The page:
“Eye on City Hall”
A column of Information, Analysis, Comment, and Unfiltered Opinion
Reprinted from Oshawa Central Newspaper
Bill Longworth, City Hall Columnist
May 9, 2011
So I was wrong in some of my prognostications about the Federal Election result in last week’s column submitted 3 days prior to the vote. I was in some pretty good company, though, as none of the major polling companies predicted a Conservative Majority, for example, even on the day before the vote and even the Conservative Party itself predicted only a minority win.
Certainly pollsters had to be surprised with the Harper’s runaway victory as even up to the day before the election, many said the result was too close to call.
All predicted the Harper Conservatives would win the most seats but even the Conservatives admitted in the days leading up to the vote that they could not secure a majority government and seemed resigned to be displaced by what Harper referred to as a reckless and dangerous coalition of the opposition parties.
The last poll before the election, predicted a minority government with Conservatives—143 seats, Liberals--60 seats, NDP--78 seats, and the BLOC--27 seats. All failed to predict the magnitude of the Liberal and BLOC collapse and the NDP surge.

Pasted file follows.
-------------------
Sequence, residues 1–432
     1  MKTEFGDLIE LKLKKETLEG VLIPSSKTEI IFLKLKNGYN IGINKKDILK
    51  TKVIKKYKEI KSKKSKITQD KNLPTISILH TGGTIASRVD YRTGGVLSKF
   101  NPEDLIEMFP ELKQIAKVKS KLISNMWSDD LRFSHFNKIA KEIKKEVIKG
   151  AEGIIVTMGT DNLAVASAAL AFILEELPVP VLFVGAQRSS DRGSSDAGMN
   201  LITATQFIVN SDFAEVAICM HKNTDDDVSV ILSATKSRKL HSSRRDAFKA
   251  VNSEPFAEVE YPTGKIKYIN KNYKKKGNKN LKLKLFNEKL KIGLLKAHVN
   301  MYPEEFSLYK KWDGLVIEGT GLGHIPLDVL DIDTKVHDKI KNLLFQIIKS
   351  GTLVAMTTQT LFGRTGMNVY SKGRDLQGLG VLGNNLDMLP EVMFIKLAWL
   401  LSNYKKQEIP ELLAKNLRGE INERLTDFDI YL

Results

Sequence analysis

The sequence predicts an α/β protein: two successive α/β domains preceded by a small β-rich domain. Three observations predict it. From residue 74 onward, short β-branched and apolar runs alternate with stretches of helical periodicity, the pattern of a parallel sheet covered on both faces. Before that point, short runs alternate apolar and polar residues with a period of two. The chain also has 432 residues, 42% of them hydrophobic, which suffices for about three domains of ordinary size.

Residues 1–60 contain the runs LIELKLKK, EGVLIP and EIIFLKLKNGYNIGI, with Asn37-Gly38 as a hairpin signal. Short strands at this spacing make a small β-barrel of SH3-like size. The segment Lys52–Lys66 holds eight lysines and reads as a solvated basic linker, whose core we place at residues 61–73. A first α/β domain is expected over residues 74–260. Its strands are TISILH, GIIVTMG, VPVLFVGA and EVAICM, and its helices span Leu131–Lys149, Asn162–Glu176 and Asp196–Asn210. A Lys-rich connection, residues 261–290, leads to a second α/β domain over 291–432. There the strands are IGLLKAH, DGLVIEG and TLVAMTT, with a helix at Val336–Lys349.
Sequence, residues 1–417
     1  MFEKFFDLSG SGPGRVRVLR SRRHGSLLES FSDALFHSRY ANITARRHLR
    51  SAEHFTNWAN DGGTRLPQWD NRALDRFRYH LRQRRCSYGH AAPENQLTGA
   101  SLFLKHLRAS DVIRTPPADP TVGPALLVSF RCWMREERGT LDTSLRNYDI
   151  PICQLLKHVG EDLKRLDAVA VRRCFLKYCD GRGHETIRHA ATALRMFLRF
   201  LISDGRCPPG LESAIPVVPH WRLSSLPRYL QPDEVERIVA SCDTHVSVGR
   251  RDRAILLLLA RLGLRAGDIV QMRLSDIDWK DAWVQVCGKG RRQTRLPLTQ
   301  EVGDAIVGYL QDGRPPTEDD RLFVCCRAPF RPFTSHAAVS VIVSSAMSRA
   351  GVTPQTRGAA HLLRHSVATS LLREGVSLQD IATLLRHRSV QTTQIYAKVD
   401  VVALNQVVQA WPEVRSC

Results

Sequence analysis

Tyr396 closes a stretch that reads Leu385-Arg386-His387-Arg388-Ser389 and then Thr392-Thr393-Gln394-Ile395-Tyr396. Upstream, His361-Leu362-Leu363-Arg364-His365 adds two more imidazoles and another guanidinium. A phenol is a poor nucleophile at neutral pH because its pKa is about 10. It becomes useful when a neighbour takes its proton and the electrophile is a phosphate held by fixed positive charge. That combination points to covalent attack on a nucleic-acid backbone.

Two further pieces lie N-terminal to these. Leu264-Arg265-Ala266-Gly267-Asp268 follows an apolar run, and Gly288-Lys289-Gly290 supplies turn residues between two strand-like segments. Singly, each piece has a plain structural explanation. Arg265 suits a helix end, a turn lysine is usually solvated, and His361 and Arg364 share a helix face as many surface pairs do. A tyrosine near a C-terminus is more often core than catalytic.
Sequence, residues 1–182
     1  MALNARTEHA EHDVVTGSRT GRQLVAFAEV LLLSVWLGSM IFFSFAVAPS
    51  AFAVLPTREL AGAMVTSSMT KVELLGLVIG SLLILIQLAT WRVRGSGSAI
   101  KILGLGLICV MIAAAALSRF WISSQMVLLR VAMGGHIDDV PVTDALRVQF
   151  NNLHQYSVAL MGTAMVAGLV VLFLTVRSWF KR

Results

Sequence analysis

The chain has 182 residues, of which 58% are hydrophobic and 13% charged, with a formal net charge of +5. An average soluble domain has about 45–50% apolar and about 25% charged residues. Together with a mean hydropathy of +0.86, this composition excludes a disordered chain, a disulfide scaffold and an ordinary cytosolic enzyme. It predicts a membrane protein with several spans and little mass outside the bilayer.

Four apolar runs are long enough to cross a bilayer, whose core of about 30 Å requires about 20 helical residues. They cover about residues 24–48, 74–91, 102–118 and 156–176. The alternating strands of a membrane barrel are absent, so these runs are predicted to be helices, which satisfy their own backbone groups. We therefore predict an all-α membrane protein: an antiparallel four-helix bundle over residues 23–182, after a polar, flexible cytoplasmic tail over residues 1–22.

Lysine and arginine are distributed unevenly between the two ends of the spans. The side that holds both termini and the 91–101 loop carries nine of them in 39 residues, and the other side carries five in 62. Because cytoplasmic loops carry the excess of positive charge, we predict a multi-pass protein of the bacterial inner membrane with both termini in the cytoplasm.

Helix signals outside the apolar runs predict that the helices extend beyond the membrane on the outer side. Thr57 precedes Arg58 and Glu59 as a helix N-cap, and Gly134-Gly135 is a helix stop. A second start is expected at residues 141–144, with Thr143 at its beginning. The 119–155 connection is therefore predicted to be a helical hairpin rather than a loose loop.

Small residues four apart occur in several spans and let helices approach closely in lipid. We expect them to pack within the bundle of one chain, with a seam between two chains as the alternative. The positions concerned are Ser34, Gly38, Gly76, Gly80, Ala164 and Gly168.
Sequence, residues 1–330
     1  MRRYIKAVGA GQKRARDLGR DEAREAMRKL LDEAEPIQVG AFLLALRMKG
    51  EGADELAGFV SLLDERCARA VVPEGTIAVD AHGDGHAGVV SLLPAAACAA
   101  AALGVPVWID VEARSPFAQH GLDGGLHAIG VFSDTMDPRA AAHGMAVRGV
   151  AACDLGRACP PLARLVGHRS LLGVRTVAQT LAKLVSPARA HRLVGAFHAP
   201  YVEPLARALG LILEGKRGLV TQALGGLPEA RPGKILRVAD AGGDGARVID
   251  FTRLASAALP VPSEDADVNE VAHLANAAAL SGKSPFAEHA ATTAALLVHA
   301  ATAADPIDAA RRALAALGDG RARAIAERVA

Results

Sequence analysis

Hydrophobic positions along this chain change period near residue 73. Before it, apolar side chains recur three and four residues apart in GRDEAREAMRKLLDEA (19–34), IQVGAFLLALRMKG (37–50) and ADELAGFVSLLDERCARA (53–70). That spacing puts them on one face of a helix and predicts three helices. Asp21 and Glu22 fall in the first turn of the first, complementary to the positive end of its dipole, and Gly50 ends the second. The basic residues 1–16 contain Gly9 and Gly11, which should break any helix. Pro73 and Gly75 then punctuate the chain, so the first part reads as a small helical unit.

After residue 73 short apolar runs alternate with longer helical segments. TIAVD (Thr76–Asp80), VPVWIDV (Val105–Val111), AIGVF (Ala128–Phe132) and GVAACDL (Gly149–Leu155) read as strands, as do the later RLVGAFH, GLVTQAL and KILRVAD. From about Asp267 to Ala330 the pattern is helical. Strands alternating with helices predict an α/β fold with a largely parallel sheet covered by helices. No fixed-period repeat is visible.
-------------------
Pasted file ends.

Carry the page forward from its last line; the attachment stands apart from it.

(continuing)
The election results make it even more likely that there will be a “Unite the Center Left Movement” to form a new “Liberal Democrat Party.” This will give Canadians a clear two way choice in future voting.
Obviously my prediction of an NDP led minority government was incorrect, as was my prediction of a Harper resignation based on that NDP minority government. My prediction of Ignatieff’s resignation was correct but I failed to predict the utter collapse of the BLOC and Duceppe’s resignation.
As a side message of interest, Gilles Duceppe, the longest serving Member of Parliament, was elected in one of two by-elections in the country in August, 1990. The other by-election was the one in Oshawa in which I was Brian Mulroney’s first Federal Progressive candidate called upon to support introduction of the GST and the Free Trade Agreement, and to answer to other issues like the defeat of the Meech Lake Accord and the government response to the Oka Aboriginal uprising. No wonder Conservatives couldn’t win!